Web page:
- In the inside quart sized bag, measure .5 cup milk, .5 teaspoon of vanilla extract, .25 cup evaporated milk, and 3-6 teaspoons of sugar. Close the bag, making sure it is well sealed.
- Take a gallon sized freezer bag and fill it about half way with ice.
- Add about a cup of either rock salt or any ice-melter you find at a grocery store or gas station. The salt that is sold for home water softening is relatively inexpensive, and totally pure, non-toxic salt.
- Put the quart sized freezer bag inside of the gallon sized bag. Seal the gallon sized bag. BOTH BAGS SHOULD REMAIN SEALED!
- Have students put on their winter gloves and knead the ice around the quart sized bag. Students can work in partners and take turns at this process.
- Students can knead from 10 – 30 minutes depending on how well they work at it and the consistency that they prefer.
- Remind students before this experiment that it would be beneficial for them to bring in winter gloves. The process can make hands cold!
- Have plenty of paper towels around! Condensation forms on the outsides of the bags so they do get wet!
- When sealing all of the bags, instruct students to get as much air out as possible.
- Don't buy the cheap freezer bags! They tend to break during the kneading process and you will end up with salty ice cream.
- Check ahead of time for food allergies!
- When kneading, it is important to work the inside mixture as much as possible. If students just touch the outside bag and squeeze around the ice, the ice cream will not freeze.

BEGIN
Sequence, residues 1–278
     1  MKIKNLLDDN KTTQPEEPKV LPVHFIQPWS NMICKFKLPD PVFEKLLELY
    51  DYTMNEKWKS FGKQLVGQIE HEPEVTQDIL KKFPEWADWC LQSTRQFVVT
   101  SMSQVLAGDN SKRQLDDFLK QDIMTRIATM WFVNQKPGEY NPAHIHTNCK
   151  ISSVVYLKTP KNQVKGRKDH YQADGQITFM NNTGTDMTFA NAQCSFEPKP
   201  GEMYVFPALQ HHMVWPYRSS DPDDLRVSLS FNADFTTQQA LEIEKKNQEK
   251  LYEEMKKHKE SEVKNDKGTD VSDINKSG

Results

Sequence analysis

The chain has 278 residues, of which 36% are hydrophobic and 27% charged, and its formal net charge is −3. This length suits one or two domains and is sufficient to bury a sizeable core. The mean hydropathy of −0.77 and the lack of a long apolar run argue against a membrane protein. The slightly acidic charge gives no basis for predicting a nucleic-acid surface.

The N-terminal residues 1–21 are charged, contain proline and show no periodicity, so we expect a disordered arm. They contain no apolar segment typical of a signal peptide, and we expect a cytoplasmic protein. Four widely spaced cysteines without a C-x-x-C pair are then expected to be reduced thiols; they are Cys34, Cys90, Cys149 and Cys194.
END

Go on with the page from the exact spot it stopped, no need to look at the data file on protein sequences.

During this unit, my students have been working on group discussion techniques. (For insight into the initial teaching of these strategies, check out this S'Mores Lesson.) I have included in the resource section the sentence starters that my students use when engaging in group discussion. In addition, it is important to note that students are also working on strengthening their claims by including both evidence in the form of observations during the lab and from text.
Student Discussion 1: Why did we add salt to the ice in the outside bag to make the ice cream?
Notice that these students are both referencing text and observations during the lab. One thing I love about this discussion is that it takes all three members of the group to share their ideas to get the full picture. Without each of the student's insights, full meaning would not be formed. By using sentence starters and established discussion practices, more members of each group play valuable roles in our science discourse. By the end, students state that adding salt decreases the freezing point, which causes the ice to melt. The students note that melting is endothermic so the melting ice takes energy in from the inside bag causing it to freeze.
Student Discussion 2: Why did we add salt to the ice in the outside bag to make the ice cream?
In other groups, there may be one student that really gets it and takes the lead on the explanation. However, in my class, we have been working on how to be an active member of the group even if you are not the one that is the leader or even if you are unsure of your understanding. In this discussion, one student speaks to a lot of the discussion points, but then, another student finds a way to participate by saying, "Do you have any text evidence to support that?". This prompts the students to turn to the text to back up the claims that were made. Also, a different student recognizes she still is not clear on the concepts. So, she asks, "What page was the endothermic/exothermic reactions on?" and asks a follow up question that she says she needs further explanation on. Without focusing on discussion strategies, textual evidence and sentence starters, students would have just let the first student explain everything, taken it for granted, nodded their heads and moved on.